It Could Be Time to Wake Up Tired, Brown Furniture.

How Do You Decide What to Paint; What Not To? Here's the Answer.

By: Jeff Garrett • Feb 13, 2010 • 1 Comments

On a recent buying trip to the Philadelphia-New Jersey area, I found myself looking at items through a different set of eyes. I was with my daughter, Julie, who has accompanied me on several buying trips to France.

She seemed startled when I priced a few items that had terrible finishes, no tops or blonde out-of-style wood. She caught my drift quickly when I said, "These will be really good to paint."  She loves painted furniture, but hadn't given the pieces a second glance in their tired, boxy, and utterly brown condition.  A great refinisher who's handy with a paintbrush can breathe new life into classic pieces, and I'm not afraid to give it a try.

On the plane home, the idea of painting furniture made me think how the business has changed in many ways. What used to be only a business of fine woods, inlays and either waxing, French polishing or sometimes totally restoring a finish to bring out the depth and richness of the wood, has become, in many ways, covering up quality woods in order to give a piece the "look that sells." In other words, painted. 

Granted, for the most part I am talking about what is known as "decorative furnishings," not period furniture that no one in his right mind would paint. In our neck of the woods, for many fine homes, style often trumps purity.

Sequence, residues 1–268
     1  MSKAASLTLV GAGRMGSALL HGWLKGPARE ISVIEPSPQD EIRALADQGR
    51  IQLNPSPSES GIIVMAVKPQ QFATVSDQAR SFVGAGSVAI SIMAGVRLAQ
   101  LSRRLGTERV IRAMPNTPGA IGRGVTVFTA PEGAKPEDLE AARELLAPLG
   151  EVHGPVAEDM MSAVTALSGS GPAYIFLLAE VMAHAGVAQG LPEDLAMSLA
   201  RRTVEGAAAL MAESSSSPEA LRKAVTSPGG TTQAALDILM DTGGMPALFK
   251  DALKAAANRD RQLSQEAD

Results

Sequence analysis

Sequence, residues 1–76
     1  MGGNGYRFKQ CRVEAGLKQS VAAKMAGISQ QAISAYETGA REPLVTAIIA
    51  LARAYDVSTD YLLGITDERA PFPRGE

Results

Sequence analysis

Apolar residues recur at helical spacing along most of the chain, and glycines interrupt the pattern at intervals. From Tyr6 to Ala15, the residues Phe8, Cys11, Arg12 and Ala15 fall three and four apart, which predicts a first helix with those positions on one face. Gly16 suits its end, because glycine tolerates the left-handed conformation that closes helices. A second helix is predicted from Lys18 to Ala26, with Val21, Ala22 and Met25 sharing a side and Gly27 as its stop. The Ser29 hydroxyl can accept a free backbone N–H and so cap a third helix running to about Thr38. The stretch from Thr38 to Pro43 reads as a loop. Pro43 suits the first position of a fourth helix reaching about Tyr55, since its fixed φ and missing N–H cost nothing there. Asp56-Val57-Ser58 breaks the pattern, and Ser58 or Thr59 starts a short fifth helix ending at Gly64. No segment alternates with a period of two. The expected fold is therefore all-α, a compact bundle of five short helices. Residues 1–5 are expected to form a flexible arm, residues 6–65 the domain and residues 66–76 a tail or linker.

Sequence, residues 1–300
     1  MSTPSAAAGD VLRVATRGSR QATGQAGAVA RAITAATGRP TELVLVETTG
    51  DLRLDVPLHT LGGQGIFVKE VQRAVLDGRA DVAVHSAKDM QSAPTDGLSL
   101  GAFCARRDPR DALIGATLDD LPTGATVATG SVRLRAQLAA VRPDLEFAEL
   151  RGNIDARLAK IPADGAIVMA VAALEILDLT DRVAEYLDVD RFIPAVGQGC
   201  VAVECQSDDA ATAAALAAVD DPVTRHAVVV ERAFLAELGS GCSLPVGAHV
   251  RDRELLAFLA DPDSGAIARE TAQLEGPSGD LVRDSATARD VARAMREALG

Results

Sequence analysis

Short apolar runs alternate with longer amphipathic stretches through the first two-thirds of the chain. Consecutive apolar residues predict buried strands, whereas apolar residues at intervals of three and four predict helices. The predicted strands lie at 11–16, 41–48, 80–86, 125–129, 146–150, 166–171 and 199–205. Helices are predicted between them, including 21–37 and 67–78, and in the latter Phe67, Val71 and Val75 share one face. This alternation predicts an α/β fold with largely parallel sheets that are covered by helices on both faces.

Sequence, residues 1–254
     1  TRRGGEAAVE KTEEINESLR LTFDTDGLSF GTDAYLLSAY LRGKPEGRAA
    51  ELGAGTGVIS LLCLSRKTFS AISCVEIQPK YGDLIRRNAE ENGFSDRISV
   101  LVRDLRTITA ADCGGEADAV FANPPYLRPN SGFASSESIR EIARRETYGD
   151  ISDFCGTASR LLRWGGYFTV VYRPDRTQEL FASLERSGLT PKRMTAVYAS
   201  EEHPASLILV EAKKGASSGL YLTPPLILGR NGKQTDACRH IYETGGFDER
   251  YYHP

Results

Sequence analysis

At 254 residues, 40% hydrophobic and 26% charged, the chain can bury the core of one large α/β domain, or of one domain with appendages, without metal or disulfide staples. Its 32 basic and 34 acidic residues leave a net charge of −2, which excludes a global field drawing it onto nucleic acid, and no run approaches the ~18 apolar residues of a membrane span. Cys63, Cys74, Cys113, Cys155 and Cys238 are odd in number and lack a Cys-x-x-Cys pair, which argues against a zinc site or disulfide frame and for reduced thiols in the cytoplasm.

For instance, I recently purchased a 1920s Louis XVI style, 3 drawer commode. The piece was decent mahogany veneers and had a white veined marble top. It was not a period piece by any stretch of the imagination but with a good polish and a little work, it could almost pass the "100 year old" test for antiques. I had to make a decision: do a little work on it (as previously described) and wait for it to sell as originally made (maybe) OR discard the marble top, have a wooden top made for it and have it painted in a nice muted white with gray/blue highlights.

I chose the latter and bingo! Transformation into a sought after and, most important, SALABLE commode...and I sold it quickly.

Plus, on a side note, if styles change in 20 or 30 years (and they will), buyers who pick up on your painted furniture now, can re-do later. A simple strip and finish and you have a lovely flame mahogany Louis XVI commode, ready to grace a fine home.

Painting tired pieces often allow everyone to win and afford a great orphaned piece a new home. 

What was sacrilege to some...has become survival to others. I'll err on the side of survival!  Dealer mentality, right?  We're all looking for ways to stay in the game.

Pat Monroe Antiques - Painted Commode


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